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The latter was true for the 2007 inspection manual which Jalbert said he used, but wasn’t true for the 2013 manual he should have been referencing for the May 2014 examination, according to Charland. Both years’ manuals call for a test drive and applying 150 psi of pressure to the brakes, and the 2011 manual and those succeeding it also require the inspector to remove a tire.
Jalbert said he hadn’t tested the brakes with a pressure gauge to simulate a hard brake (he said he didn’t know about the 150 psi requirement), nor did he remove a tire — even though he said he knew the latter was a requirement — according to Charland. The mechanic said he didn’t test-drive the Corsica either, the affidavit states.
Not only was Jalbert using a six-year-old manual to inspect cars, he had a “clean, fresh” 2013 manual unopened in a manila envelope lying on a shelf “under other materials,” according to Charland. Earlier, Jalbert had told investigators he hadn’t received any newer manuals, the affidavit states.
When investigators returned later to obtain the 2007 manual, Jalbert said he threw it out to avoid using an outdated document further.
“He pointed to a manual on his office desk they were currently using and I observed it to be the 2011 Vermont Periodic Inspection Manual,” Charland wrote. The 2013 manual the investigators had found and showed Jalbert was on a shelf, the DMV wrote.
When told of Elizabeth Ibey’s death and his possible involvement, Jalbert “displayed no signs of remorse or concern over his involvement,” according to Charland.
“In fact, he showed more concern about their inability to conduct vehicle inspections in the future,” Charland wrote.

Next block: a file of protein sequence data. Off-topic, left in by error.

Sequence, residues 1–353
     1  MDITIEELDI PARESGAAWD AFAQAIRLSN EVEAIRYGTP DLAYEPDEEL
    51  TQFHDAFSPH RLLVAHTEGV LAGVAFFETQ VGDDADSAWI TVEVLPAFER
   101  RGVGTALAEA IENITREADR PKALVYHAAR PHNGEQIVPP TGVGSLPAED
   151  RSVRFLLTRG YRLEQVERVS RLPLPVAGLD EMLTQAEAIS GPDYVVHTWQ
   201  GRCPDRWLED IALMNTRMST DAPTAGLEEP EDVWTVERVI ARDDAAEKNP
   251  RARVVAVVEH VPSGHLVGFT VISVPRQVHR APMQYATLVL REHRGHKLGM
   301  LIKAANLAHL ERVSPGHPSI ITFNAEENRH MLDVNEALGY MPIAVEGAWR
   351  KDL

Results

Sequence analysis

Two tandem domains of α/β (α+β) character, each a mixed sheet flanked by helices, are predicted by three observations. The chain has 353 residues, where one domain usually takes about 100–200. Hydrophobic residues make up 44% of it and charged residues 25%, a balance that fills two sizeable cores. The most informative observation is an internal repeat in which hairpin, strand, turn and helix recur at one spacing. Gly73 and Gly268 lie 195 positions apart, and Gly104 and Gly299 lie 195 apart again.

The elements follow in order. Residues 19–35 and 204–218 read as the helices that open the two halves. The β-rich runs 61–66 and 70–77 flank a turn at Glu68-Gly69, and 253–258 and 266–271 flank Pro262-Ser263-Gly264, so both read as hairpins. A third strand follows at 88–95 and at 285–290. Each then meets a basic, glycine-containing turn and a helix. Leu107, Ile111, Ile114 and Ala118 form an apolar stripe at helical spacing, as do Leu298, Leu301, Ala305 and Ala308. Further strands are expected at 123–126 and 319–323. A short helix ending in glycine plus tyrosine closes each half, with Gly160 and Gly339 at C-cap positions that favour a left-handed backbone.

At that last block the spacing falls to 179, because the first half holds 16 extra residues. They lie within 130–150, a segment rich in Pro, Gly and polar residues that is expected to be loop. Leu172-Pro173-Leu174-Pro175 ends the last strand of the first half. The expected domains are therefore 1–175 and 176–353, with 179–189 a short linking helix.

Jalbert is the only one facing charges, but the DMV’s affidavit recounts other parties flat-out missed issues with the Corsica.
The Barre municipal mechanic said he lifted the vehicle and checked underneath during the city’s crash investigation, and while he realized he had hit the clutch once instead of the brake, a subsequent brake press found pressure.
When Charland showed him the photos of the deteriorated brake lines and “rotted rocker panels/frame rails,” the city mechanic “appeared very surprised,” according to the affidavit.
“(The mechanic) then offered that his examination … was performed very quickly and was very ‘cursory,'” Charland wrote. The mechanic was “surprised he missed what we discovered,” he wrote.
Also, eight days before the inspection, a mechanic at a local Chevrolet dealership — who was also a certified inspector — changed the Corsica’s oil and did a “27 point courtesy inspection,” according to the DMV.
That mechanic did note on the invoice “Rockers getting tender” and recalled during the investigation that when the lift arms raised the Corsica, “the rocker panels began to buckle and collapse from the weight of the car as a result of the rusting,” the document states.
The mechanic said the rusting on the driver’s side found by investigators was similar to what he saw then, though the passenger-side deterioration wasn’t as bad, according to the DMV.